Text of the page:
Flash Gold by Lindsay Buroker is the first story in her Flash Gold Chronicles. What are those, I hear you asking? They are an absolutely marvelous series of western-style steampunk-flavored romps set in a gold rush-era Yukon featuring a terrifically inventive heroine, Kali McAlister.
In other words, it’s fun!
Kali McAllister plans to enter her “dogless sled” in a mushing race, all so she can win the $1000 prize and leave the Yukon in general and the town of Moose Hollow in particular, forever.
Kali’s mother was a witch. Well, a pretty powerful medicine woman of the local Han tribe, anyway. And her father, well, he was the closest thing to a wizard that this world is likely to see for a while.
And he invented “flash gold”. Gold flakes that go “BOOM” like gunpowder or TNT, only more stable, and way more valuable. The really neat thing about flash gold is that it obeys instructions like the punch cards on a jacquard loom, but way easier. Flash gold accepts verbal instructions.
The world’s last known supply of was her father’s legacy to Kali. But Kali’s trying to keep that fact very, very quiet. She has enough problems with the idiots in town who want to sabotage her sled.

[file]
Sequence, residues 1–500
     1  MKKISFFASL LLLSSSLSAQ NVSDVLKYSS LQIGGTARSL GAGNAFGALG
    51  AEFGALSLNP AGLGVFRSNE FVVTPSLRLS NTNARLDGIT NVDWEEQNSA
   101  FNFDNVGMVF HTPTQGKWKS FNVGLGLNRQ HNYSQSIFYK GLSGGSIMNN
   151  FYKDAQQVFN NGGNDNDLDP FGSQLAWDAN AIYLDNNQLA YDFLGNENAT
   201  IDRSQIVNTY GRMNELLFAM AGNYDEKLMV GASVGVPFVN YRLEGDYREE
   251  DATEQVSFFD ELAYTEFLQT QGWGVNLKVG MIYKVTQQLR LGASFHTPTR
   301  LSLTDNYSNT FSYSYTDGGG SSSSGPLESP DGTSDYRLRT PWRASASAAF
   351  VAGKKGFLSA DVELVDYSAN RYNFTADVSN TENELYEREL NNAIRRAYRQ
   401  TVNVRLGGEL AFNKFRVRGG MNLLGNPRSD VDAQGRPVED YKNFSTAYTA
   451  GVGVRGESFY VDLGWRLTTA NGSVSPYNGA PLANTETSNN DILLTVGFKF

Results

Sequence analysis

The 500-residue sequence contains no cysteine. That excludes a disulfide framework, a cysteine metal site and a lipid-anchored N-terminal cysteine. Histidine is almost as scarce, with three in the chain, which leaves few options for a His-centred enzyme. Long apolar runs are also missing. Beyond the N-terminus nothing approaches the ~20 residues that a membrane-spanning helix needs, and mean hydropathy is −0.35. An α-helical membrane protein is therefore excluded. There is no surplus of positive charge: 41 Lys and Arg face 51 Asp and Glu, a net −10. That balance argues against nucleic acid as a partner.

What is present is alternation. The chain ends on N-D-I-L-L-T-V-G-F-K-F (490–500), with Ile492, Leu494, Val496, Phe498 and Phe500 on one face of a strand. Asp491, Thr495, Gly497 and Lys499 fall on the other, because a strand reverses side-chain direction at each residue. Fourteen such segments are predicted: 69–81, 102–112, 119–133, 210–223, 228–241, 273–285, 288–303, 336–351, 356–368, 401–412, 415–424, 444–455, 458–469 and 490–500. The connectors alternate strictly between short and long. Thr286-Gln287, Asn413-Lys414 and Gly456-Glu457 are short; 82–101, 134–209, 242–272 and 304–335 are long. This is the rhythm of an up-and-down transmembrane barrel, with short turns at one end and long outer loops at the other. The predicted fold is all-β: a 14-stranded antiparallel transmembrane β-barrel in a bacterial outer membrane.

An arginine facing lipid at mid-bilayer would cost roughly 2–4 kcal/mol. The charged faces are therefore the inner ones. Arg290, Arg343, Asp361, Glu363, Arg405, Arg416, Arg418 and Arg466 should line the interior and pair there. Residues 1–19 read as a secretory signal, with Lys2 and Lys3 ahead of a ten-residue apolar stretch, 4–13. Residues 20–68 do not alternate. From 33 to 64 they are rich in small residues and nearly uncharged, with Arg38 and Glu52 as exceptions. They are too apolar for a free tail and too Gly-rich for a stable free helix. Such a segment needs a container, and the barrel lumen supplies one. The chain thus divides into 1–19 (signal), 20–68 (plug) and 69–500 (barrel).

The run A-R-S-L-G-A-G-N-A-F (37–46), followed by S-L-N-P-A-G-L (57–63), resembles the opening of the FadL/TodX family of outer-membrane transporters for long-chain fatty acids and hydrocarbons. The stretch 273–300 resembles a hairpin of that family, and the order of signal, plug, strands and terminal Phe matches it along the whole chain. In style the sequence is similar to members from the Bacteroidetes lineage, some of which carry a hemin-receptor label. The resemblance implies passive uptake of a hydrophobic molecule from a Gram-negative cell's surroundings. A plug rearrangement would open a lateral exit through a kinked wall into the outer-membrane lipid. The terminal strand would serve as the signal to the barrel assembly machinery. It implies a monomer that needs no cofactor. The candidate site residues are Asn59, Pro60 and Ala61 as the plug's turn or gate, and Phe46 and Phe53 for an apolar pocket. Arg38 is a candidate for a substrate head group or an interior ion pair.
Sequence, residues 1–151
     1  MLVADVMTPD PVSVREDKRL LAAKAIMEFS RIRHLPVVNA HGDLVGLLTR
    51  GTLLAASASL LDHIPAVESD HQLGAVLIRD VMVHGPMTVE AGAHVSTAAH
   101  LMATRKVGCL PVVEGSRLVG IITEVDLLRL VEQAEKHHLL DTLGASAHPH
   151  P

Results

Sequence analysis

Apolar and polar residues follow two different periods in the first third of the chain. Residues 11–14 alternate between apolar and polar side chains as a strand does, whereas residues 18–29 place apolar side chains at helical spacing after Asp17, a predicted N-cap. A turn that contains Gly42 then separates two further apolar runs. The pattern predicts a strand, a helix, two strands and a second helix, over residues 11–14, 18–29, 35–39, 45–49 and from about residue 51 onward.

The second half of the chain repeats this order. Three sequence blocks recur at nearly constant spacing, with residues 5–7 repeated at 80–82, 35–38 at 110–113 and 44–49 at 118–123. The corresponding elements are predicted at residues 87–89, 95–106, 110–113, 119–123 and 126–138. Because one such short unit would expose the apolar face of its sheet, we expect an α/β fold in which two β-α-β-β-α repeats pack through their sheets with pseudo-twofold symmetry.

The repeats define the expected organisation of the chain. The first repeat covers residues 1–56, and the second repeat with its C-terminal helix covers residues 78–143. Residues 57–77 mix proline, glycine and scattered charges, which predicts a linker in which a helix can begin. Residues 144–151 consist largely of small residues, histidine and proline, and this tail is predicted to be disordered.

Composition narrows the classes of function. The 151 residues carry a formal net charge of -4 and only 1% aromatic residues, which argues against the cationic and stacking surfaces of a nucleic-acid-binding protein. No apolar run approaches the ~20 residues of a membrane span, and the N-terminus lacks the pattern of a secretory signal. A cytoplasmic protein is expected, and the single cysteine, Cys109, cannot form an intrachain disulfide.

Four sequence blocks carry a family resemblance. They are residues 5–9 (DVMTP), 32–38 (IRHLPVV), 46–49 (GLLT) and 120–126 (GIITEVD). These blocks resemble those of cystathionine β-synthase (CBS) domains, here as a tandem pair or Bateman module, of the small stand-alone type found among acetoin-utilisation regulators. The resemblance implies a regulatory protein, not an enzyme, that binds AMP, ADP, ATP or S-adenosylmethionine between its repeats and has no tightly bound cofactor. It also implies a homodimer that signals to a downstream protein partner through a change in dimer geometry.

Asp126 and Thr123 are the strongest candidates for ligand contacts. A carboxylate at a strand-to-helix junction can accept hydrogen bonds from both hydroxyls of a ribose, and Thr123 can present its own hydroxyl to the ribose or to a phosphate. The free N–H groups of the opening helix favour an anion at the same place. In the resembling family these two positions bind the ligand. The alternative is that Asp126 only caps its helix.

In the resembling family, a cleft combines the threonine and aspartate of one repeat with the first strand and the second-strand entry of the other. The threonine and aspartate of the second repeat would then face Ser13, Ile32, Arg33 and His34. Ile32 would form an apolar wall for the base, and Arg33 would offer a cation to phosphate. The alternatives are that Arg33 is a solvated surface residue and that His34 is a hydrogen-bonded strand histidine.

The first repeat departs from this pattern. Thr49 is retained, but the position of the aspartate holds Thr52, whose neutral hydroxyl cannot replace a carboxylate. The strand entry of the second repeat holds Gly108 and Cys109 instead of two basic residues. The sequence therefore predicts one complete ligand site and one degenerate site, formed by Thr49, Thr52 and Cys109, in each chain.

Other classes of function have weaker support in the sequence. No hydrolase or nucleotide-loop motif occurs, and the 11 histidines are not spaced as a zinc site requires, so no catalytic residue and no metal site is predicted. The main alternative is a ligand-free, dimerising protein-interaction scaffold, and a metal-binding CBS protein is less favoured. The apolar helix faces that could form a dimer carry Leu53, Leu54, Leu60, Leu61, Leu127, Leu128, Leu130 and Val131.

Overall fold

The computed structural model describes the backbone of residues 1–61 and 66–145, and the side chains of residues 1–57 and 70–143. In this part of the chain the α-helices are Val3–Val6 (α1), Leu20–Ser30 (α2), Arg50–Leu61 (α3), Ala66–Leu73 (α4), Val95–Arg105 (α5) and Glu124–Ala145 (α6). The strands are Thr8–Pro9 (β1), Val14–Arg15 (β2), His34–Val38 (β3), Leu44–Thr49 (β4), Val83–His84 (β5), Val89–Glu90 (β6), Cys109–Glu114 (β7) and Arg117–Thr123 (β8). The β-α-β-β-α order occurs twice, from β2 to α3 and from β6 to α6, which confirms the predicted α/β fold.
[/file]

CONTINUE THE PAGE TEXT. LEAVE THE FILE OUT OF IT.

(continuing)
So when a big, sword-toting stranger comes to town and wants to hire on as her guard for the race, Kali is pretty skeptical. But she needs a guard. It’s just that this man who calls himself “Cedar” is too expensively equipped for someone willing to work for just the promise of wages.
And that’s when Kali discovers that every nefarious no-good varmint in the Yukon and Northwest Territories seems to be hunting her for her father’s flash gold. And that Cedar is hunting all of them!
Escape Rating A-: I read this twice. I requested a review copy from the author, and read and really enjoyed it. But I didn’t get the review written. The third book in the Flash Gold Chronicles just came out (Hunted is #2, and Peacemaker is #3) and I decided it was time to write the review. I roared through Flash Gold again, and it was just as much fun the second time through.
A reader can’t ask for better than that!